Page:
energy and innovation

Carbon capture and storage (CCS)

ExxonMobil is the leader in carbon capture, with current carbon capture capacity totaling about 9 million tonnes per year.

On Feb. 1, 2021, ExxonMobil announced the creation of a new business  – ExxonMobil Low Carbon Solutions – to commercialize and deploy emission-reduction technologies. It will initially focus on carbon capture and storage, one of the critical technologies required to achieve net zero emissions and the climate goals outlined in the Paris Agreement.

CCS Development

Reducing emissions with carbon capture

CCS is the process of capturing CO2 that would otherwise be released into the atmosphere from industrial activity, and injecting it into deep geologic formations for safe, secure and permanent storage. The United Nations Intergovernmental Panel on Climate Change and the International Energy Agency agree that CCS is one of the most important low-carbon technologies required to achieve societal climate goals at the lowest cost. CCS is also one of the only technologies that could enable some industry sectors to decarbonize, including the refining, chemicals, cement and steel sectors.

ExxonMobil has more than 30 years of experience in CCS technology and was the first company to capture more than 120 million tonnes of CO2, which is equivalent to the emissions of more than 25 million cars for one year. The company has an equity share in about one-fifth of global CO2 capture capacity and has captured approximately 40 percent of all the captured anthropogenic CO2 in the world.

ExxonMobil’s newly announced Low Carbon Solutions business is advancing plans for more than 20 new carbon capture and storage opportunities around the world to enable large-scale emission reductions.

Infographic: A quick look at ExxonMobil’s CCS leadership
With our demonstrated leadership in carbon capture and emissions reduction technologies, ExxonMobil is committed to meeting the demand for affordable energy while reducing emissions and managing the risks of climate change.
Darren W. Woods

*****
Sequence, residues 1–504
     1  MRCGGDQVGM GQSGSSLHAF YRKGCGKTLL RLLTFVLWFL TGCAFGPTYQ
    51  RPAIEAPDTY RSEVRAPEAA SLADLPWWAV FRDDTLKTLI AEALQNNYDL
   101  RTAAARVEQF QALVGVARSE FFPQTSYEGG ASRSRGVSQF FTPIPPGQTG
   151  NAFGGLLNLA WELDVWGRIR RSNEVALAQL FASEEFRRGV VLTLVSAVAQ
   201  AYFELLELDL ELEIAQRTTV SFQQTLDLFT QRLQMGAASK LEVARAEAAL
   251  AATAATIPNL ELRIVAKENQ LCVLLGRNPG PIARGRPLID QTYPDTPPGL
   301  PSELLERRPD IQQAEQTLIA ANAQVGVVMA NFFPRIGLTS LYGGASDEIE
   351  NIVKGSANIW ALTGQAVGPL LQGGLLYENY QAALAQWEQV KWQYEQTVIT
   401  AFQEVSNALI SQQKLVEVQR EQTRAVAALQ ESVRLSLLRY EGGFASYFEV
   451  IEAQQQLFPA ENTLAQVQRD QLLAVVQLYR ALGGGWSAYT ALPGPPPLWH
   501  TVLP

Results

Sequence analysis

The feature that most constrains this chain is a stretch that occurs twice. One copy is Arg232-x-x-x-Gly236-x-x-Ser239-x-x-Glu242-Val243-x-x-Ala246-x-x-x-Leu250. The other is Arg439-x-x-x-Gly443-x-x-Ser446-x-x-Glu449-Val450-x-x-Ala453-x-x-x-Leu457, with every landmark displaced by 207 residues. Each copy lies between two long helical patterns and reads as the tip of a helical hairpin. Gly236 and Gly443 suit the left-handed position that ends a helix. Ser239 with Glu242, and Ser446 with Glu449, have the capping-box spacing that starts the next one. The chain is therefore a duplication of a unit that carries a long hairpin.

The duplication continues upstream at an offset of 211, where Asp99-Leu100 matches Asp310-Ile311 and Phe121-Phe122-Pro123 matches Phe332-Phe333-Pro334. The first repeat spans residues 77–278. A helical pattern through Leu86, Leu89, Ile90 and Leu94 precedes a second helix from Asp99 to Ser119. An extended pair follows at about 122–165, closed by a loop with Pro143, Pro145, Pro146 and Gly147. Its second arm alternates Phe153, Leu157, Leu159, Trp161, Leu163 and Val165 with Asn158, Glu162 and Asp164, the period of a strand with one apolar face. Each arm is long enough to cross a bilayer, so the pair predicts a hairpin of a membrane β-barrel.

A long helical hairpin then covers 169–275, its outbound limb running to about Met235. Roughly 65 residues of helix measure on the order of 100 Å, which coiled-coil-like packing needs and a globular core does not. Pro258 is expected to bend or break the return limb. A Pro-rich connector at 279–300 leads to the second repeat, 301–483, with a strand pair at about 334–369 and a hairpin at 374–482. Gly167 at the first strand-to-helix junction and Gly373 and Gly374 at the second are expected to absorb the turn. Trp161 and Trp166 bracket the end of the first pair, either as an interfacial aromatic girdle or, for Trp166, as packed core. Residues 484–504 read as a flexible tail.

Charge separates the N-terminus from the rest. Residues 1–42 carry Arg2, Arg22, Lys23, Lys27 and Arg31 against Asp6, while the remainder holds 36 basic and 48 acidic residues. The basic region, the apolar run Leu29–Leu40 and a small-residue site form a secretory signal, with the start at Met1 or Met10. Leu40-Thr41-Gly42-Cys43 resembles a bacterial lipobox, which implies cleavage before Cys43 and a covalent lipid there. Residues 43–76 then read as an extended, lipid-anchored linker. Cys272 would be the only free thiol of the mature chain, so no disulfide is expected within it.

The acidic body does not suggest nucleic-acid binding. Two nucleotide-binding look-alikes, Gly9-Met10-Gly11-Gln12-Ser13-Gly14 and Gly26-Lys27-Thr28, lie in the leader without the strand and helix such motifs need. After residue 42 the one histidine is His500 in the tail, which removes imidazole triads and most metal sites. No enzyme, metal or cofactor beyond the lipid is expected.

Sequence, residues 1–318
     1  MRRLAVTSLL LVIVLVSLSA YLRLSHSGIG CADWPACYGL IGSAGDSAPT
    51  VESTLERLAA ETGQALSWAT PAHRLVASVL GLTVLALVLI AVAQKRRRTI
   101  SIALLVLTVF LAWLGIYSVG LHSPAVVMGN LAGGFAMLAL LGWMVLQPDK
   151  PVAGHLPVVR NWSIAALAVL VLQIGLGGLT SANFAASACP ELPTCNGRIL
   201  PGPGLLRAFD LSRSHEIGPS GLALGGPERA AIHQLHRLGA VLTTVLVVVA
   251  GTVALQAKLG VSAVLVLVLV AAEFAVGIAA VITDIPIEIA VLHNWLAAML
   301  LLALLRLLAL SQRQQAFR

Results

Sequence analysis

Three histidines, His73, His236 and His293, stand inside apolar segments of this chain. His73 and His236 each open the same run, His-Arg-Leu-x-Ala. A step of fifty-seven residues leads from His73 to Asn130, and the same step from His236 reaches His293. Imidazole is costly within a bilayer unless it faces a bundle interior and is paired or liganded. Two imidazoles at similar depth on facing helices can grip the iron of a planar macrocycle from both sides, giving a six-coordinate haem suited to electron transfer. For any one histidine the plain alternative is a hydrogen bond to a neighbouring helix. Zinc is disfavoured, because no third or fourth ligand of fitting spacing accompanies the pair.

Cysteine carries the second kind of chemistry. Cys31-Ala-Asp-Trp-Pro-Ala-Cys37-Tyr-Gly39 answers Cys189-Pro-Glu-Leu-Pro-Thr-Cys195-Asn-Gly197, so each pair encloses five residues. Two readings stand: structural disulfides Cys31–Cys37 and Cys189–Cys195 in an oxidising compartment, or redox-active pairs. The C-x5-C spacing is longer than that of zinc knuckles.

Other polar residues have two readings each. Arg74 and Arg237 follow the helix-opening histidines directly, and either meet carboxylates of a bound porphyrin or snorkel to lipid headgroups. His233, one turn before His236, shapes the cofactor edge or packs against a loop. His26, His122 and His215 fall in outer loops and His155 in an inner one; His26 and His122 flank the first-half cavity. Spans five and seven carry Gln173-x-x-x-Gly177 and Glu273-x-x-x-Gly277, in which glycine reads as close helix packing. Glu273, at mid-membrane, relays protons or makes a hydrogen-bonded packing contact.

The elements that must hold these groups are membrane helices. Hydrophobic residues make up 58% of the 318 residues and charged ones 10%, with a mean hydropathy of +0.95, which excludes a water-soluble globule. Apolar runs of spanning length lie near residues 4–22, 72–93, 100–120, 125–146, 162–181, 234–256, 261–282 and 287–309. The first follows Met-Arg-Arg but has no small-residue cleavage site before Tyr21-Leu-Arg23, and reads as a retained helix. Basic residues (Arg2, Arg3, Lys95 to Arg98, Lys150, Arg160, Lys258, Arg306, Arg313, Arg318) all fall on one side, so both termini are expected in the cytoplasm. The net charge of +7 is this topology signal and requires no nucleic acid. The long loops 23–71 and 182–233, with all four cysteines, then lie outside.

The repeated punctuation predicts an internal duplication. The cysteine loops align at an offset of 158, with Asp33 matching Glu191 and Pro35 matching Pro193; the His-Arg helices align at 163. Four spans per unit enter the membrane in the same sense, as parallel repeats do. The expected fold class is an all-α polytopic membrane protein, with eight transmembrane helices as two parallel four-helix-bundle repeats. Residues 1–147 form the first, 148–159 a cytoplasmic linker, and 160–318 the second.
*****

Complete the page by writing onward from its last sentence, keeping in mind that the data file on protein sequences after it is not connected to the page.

Chairman and Chief Executive Officer

Low carbon solutions

ExxonMobil is calling for a CCS concept that could effectively decarbonize industrial areas like the Houston Ship Channel. 

Read more about this concept.

120M+

ExxonMobil was the first company to capture more than 120 million tonnes of CO2, equivalent to the annual emissions of more than 25 million cars.

All articles about carbon capture and storage

Why ExxonMobil supports carbon pricing The recent steps by the American Petroleum Institute (API) to support a carbon price will contribute to advancing a lower-carbon future. For some time, we have been encouraging trade associations to support a price on carbon and promote actions that enable the goals of the Paris Agreement.

Carbon capture Energy Factor March 30, 2021

ExxonMobil Low Carbon Solutions to commercialize emission-reduction technology

IRVING, Texas – ExxonMobil said today it has created a new business to commercialize its extensive low-carbon technology portfolio. The new business, ExxonMobil Low Carbon Solutions, will initially focus on carbon capture and storage, one of the critical technologies required to achieve net zero emissions and the climate goals outlined in the Paris Agreement.

Newsroom News Feb. 1, 2021

ExxonMobil expands agreement with Global Thermostat, sees promise in direct air capture technology IRVING, Texas – ExxonMobil and Global Thermostat have expanded their joint development agreement following 12 months of technical evaluation to determine the feasibility and potential scalability of Global Thermostat’s technology that captures carbon dioxide (CO2) directly from the air.   

Newsroom News Sept. 21, 2020

Scrub and remove: Capturing carbon straight out of the air Global Thermostat and ExxonMobil are extending their collaboration to continue researching pathways to scale the removal of CO2 emissions from the atmosphere.

Carbon capture Energy Factor Sept. 21, 2020

Carbon capture research travels the world ExxonMobil is working with a leading expert in Genoa, Italy, to research how fuel cells could be used to efficiently capture carbon emissions.

Carbon capture Energy Factor Sept. 1, 2020